Sudan's government and Darfur rebels have agreed to a 60-day ceasefire and a peace summit sponsored by the African Union and the United Nations as steps toward stopping the violence in west Sudan, a visiting U.S. official said on Wednesday.In fairness, Khartoum and the rebels have agreed to various ceasefires and peace agreements over the last four years, not one of which has held, so this might amount to just another empty benchmark.
Sudan has also agreed to let foreign journalists visit Darfur after a two-month ban and to remove a requirement for exit visas for aid workers, one of the biggest bureaucratic obstacles to the world's largest aid operation in Darfur.
On the other hand, this press release [PDF] from Richardson contains some rather encouraging news
Both sides agreed that there was a compelling need for a comprehensive cease-fire to launch a political process based on the DPA that would lead to a durable end to the conflict as soon as possible. Both agreed to a 60-day cessation of hostilities by all parties within the framework of the DPA, accompanied by a start in African Union/United Nations diplomatic efforts, within the framework of the DPA, to begin narrowing the gaps between the non-signatories, including government approval of a field commanders' conference attended by the African Union and United Nations. This would be followed at the appropriate moment by an African Union/United Nations – sponsored peace summit, again in the framework of the DPA, no later than 15 March 2007.The Darfur Peace Agreement [DPA] was signed nearly a year ago by Khartoum and one faction of the many rebel groups and has been dead ever since. The sticking point since then has been whether to re-open new talks, essentially starting from scratch, or to try and amend the DPA in order to address the issues that prevented the other rebel groups from signing. Khartoum preferred the latter, which is not surprising considering that they only accepted the agreement "after it became apparent that at least some of the rebels would balk," while the rebels insisted on the former.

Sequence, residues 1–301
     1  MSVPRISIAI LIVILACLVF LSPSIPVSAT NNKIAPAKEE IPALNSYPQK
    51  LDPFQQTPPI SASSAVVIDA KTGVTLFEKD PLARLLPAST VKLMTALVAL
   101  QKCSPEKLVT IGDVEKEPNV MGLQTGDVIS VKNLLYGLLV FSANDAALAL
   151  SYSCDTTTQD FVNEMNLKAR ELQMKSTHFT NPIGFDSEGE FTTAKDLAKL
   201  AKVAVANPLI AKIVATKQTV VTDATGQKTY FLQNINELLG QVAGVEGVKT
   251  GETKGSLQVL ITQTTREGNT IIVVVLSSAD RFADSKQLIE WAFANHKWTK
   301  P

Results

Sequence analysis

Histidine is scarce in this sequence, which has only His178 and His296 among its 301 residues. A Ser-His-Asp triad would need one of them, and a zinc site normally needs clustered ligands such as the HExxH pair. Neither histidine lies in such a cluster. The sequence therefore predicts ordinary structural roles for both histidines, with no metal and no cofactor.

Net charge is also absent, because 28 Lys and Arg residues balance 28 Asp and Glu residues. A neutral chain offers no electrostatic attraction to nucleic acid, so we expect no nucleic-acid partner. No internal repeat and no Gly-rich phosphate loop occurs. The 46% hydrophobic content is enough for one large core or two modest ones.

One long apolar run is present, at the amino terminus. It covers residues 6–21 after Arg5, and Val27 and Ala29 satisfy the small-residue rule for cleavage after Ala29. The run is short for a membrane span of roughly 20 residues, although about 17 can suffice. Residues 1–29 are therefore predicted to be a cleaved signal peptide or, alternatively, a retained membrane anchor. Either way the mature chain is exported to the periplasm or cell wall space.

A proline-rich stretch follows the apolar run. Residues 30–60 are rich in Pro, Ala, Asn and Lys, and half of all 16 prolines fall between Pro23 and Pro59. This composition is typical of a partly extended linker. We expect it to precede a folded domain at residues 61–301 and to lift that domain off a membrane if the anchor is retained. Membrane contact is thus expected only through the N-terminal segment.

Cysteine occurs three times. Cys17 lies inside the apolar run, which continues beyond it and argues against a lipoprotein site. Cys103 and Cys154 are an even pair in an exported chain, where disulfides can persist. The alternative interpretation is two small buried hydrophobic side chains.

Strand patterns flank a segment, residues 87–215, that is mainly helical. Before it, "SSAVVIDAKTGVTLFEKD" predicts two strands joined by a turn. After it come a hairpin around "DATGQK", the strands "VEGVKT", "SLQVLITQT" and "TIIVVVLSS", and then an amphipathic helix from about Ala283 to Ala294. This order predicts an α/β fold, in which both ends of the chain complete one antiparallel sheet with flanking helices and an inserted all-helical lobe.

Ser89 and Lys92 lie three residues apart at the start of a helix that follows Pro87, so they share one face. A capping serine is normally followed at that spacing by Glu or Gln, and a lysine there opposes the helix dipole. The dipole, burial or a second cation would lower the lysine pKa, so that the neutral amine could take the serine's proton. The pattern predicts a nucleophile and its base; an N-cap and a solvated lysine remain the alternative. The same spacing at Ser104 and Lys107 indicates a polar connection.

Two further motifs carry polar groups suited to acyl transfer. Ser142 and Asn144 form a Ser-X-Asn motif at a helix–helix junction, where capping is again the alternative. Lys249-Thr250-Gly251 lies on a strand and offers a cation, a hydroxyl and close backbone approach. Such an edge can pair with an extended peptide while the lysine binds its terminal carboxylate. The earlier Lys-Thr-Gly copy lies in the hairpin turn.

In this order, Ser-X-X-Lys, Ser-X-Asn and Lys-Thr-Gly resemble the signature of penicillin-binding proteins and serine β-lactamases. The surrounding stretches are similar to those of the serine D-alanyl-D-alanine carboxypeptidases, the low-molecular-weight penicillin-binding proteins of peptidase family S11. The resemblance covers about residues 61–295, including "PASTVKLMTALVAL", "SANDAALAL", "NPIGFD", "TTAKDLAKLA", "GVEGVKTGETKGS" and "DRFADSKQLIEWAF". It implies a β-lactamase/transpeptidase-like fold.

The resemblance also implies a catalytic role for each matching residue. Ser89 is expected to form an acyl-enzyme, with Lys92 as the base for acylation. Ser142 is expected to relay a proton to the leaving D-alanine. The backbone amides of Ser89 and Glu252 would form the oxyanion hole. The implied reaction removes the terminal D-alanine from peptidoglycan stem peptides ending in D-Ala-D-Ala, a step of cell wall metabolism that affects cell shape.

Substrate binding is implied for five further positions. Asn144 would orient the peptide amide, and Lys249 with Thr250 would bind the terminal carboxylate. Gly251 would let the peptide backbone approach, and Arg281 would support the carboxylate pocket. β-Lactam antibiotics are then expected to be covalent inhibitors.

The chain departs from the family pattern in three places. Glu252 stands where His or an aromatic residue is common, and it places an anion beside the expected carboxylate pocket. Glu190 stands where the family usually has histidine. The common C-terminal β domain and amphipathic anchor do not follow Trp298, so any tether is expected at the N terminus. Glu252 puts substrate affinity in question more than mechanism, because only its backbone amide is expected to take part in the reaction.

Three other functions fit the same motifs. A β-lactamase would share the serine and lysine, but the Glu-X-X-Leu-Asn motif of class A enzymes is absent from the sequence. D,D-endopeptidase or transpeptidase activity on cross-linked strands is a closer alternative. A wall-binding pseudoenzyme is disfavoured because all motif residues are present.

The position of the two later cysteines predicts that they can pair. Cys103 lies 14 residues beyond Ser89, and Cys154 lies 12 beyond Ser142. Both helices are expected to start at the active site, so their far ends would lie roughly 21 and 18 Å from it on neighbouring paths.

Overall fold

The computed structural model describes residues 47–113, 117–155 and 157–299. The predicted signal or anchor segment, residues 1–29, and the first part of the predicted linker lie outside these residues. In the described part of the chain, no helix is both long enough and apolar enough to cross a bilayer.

The two sides noted that Governor Richardson had secured a commitment from commanders of the Justice and Equality Movement and of the Non-Signatory Front to participate in a process including a 60-day cease fire agreement within the framework of the DPA.
But now it appears that at least this one major hurdle to revisiting a peaceful settlement has been addressed and hopefully things can move forward.
Khartoum has a record of signing these sorts of nice-sounding agreements and then attacking rebels and civilians a few days later - we'll have to see if that happens this time. If both sides can manage to hold to the 60-day ceasefire, perhaps progress can finally be made in ending this conflict peacefully.
So all hail Bill Richardson, who pulled this off with little more than the support of Save Darfur - and all hail Save Darfur for approaching Richardson to do a little freelance diplomacy. In less than a week, Richardson managed to make more progress on ending the genocide in Darfur than the Bush Administration has been able to make in four years [it will also be worth watching to see how the administration reacts to Richardson’s diplomatic coup.]